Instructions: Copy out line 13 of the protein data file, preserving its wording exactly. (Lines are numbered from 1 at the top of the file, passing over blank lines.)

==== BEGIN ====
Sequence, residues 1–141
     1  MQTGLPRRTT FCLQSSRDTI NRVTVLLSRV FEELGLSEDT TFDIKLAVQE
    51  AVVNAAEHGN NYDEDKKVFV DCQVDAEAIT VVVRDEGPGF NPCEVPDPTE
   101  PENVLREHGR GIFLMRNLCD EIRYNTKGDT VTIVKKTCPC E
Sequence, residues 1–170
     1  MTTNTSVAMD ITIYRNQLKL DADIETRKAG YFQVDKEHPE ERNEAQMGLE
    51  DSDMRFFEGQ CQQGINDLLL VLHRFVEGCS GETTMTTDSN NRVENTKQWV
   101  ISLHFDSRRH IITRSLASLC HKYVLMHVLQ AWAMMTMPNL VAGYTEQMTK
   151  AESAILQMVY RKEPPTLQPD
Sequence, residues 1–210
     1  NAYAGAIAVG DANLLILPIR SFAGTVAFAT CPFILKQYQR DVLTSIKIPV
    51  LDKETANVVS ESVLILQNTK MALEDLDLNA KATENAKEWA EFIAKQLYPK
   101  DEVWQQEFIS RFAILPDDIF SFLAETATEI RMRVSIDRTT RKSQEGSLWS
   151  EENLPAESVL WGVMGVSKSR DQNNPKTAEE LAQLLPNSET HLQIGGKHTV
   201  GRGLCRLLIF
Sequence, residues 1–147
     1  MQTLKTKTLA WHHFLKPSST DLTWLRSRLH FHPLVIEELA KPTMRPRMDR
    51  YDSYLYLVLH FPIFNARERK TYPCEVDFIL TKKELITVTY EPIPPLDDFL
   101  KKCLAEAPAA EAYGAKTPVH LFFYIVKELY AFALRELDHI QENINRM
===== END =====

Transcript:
   101  DEVWQQEFIS RFAILPDDIF SFLAETATEI RMRVSIDRTT RKSQEGSLWS